Walking around the State Fair looking at the livestock and the kids that raise them, it struck me that Mini-Livestock were not represented. Considering the fact that they’re easy to raise humanely, they’re sustainable and super nutritious, it was a shame that they weren’t represented. So, I decided to do something about it and wrote this article on How to Raise Crickets.
Crickets offer a real animal protein with all nine essential amino acids. They are a prebiotic fiber (nutrition for probiotics), high in antioxidants, a perfect Omega 3:6 balance, high in B12, Calcium, Zinc, Iron, and more. They are a very bio-available food source.
Raising crickets is not terribly hard and can be a lot of fun. It’s a great activity to do with kids.
Crickets can be fed leftovers and since the females lay around a hundred eggs during their six to eight week lifetime, once you establish your mini-herd, it will re-populate even after a heavy harvest.
You can use the crickets whole or ground into powder. ‘What a great way to get homegrown protein, antioxidants, prebiotic fiber, and a strong shot of very bio-available vitamins and minerals.
Building your micro-farm and maintaining your herd of crickets is something just about anybody living anywhere can do. It’s low tech with a high return on investment both financially and personally.
Many of the items you need for your cricket farm you may already have around the house. If not, the products you do need to buy are inexpensive. Plus, once your farm is set up, you can be growing crickets for years to come. There aren’t any significant expenses for maintaining your farm, especially since you feed your herd your meal leftovers.
Crickets will eat just about anything from meat to vegetables, excluding hot/spicy stuff like onions, peppers, garlic, etc. In a way, crickets are what they eat. If you want gluten-free protein powder, feed your herd gluten-free food. Organic food equals organic crickets. Feed them carrots, and they’ll be high in vitamin A. It’s pretty cool that way.
Below is a list of supplies. Most of these, you probably already have. The two significant expenditures are the tote and the heat pad or lamp (if needed). Totes are easy to find. The heat pad or lamp may be necessary if you do not have a warm spot in your house.
Crickets like it to be in the ’80s all the time.
You should have everything ready for occupancy before going to the pet store to buy your livestock.
Suggested Supply List:
* Plastic Tote(s)
* Empty Egg Cartons
* Metal Door Screen
* Organic Potting Soil
* Kitchen Sponge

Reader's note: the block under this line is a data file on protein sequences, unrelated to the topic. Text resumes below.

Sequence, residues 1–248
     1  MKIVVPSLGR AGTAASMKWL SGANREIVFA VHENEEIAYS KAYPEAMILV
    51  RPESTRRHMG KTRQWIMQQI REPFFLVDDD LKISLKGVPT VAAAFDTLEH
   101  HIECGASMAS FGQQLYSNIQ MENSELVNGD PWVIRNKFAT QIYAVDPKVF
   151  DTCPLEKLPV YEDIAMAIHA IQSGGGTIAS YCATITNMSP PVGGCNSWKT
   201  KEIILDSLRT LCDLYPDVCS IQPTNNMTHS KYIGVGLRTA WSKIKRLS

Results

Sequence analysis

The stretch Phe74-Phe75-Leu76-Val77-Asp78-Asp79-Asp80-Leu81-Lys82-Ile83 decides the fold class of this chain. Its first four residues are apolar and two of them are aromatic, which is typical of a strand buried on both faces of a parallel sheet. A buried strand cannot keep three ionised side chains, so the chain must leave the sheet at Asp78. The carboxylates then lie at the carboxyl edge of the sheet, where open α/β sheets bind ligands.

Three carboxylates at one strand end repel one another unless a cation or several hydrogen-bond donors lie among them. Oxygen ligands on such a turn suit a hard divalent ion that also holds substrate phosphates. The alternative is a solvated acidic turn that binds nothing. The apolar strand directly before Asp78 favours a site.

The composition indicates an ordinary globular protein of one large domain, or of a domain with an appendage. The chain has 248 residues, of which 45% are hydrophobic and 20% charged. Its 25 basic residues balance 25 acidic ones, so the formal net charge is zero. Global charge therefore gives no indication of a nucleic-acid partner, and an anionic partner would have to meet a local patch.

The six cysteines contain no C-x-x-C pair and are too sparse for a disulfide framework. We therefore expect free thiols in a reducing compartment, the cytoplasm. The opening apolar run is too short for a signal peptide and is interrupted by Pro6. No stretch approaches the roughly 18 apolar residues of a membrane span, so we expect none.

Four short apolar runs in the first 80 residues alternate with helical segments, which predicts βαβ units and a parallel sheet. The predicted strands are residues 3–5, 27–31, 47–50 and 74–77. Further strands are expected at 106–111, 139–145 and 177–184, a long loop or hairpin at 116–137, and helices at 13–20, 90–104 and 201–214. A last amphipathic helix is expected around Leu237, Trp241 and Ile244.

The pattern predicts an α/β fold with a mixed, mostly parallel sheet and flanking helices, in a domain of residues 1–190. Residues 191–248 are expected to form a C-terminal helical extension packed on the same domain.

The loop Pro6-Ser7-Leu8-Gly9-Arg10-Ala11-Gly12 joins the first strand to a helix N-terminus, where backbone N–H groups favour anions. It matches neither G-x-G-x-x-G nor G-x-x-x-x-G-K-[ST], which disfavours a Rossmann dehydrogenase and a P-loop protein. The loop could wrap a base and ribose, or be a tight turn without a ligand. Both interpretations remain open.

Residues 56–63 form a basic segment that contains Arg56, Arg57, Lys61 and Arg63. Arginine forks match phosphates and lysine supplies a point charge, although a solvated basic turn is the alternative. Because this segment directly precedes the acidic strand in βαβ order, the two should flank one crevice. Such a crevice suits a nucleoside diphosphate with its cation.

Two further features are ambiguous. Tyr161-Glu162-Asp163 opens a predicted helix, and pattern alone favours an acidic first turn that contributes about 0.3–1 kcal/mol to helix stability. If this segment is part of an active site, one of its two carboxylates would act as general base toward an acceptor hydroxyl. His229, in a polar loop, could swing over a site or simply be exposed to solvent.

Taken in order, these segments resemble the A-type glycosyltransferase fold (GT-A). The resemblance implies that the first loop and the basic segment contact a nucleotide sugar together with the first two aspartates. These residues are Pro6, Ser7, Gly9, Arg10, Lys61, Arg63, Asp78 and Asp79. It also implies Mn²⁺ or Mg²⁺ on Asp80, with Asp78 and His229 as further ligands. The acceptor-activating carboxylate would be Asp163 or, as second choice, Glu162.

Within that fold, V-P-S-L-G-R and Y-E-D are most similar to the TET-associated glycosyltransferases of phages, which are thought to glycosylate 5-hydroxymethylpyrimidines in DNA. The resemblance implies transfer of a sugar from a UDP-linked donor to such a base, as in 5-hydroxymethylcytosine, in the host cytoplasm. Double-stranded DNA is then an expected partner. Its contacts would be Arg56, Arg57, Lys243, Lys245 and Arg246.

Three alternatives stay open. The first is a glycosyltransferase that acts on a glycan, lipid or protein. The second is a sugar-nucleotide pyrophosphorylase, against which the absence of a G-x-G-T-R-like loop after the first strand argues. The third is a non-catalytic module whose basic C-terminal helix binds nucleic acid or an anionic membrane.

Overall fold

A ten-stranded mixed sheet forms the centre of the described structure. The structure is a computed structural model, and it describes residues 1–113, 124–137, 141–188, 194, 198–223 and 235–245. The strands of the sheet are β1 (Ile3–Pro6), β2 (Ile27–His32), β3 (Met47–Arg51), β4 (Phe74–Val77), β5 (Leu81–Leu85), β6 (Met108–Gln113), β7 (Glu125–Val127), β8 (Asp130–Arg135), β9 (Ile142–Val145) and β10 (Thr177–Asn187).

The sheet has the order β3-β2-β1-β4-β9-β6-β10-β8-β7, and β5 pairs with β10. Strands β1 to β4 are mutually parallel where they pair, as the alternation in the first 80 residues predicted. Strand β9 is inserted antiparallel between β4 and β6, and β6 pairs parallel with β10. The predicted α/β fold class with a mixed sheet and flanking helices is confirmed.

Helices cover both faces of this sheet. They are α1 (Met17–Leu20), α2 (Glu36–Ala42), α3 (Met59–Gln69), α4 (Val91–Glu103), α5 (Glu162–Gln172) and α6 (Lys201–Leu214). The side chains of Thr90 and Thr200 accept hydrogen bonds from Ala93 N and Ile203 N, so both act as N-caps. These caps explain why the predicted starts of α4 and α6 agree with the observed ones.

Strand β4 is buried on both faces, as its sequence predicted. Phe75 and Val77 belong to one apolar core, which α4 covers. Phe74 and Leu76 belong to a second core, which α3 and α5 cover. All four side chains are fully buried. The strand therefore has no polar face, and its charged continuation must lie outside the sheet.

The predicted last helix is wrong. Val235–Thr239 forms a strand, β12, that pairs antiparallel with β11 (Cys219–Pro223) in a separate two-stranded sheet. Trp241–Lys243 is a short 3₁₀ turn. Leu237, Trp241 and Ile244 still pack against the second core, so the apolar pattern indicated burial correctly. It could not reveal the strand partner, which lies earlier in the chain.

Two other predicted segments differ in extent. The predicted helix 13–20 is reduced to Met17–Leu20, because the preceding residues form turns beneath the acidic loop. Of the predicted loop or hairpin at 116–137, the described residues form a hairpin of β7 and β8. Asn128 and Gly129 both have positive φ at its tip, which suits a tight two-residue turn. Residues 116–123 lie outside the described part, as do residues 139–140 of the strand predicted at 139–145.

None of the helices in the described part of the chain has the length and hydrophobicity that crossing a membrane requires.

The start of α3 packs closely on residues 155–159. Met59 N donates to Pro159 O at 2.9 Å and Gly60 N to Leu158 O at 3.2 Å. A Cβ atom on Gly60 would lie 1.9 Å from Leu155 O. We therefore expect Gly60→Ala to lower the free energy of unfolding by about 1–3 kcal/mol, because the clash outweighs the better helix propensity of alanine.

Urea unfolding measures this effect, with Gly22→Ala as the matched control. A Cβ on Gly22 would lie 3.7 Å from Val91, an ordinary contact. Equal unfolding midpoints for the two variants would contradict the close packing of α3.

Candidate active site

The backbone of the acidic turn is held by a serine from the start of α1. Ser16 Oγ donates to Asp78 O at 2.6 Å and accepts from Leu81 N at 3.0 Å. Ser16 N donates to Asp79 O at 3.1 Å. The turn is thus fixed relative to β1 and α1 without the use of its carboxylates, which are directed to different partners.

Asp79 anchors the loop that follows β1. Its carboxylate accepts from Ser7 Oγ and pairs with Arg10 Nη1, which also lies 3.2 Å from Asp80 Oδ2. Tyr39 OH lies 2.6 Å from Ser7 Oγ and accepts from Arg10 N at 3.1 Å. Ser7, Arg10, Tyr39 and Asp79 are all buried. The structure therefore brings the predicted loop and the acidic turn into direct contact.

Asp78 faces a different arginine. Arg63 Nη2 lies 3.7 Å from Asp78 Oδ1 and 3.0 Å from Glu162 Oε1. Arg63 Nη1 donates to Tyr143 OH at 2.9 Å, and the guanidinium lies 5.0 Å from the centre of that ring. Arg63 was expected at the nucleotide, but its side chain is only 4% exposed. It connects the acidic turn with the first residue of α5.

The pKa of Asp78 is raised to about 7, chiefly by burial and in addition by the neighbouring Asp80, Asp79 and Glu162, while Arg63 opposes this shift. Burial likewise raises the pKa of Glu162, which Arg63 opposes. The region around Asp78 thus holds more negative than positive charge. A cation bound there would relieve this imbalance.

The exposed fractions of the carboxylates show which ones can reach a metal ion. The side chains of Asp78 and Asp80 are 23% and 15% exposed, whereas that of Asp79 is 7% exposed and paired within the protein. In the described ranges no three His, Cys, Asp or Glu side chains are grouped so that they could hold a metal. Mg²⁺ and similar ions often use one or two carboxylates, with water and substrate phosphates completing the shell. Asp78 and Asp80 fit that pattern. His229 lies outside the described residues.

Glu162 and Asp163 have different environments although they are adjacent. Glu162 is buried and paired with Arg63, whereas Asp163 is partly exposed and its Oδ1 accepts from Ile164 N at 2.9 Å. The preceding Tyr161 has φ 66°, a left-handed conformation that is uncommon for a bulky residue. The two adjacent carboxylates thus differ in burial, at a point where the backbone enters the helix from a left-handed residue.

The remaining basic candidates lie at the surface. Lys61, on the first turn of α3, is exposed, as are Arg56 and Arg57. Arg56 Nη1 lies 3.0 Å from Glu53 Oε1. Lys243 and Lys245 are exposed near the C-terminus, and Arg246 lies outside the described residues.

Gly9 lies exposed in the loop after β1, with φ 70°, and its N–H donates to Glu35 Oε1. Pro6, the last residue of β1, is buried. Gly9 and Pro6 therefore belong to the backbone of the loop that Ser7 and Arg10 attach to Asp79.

* Glue (a hot glue gun works well)
* Vermilite / Pearlite
* Flat board
* 3 Small Glass or Hard Plastic Dishes
* Lid for one of the dishes
* Shoe-box with Lid
* Spray Bottle
* Heavy Duty Scissors
* Small Rocks or Pieces of Wood
* Heat lamp or heat pad (optional depending upon conditions)
Once you have all the materials together, it’s relatively easy to build your farm.
Constructing the Cricket Barn
To create housing for your herd, you can use an ordinary plastic tote with large holes cut in top so they can breathe. When choosing a tote, make sure the lid fits securely. A smooth-sided interior will keep the crickets from climbing the walls.
To begin building, cut large holes in the plastic lid, then use the metal screen, secured with glue, to cover the holes so your crickets can not escape.
Although it doesn’t look as nice, it is a good idea to have the screen on the top of the lid which will give the crickets inside minimal access to the glued area. Crickets may work away at the glue and, over time, create holes big enough to escape. Having the glue on top gives them limited access to the glue and allows you to monitor their progress if any.
Once you have the lid ready (that’s the hard part), you can fill the bottom of the tote with about ½" of vermilite/pearlite — this prevents bacteria and reduces odor. Then, stack the egg cartons vertically on top. Stack the egg cartons neatly so you can put a flat surface on top of them. You need a flat area to put the food, water, and breeding dishes on. The flat surface can be a piece of cardboard or thin wood. I’ve seen people use paper plates.
Now you’re ready to add the food and water dish along with the egg tray. Your barn is almost ready for occupation.
Building the Feeding Trough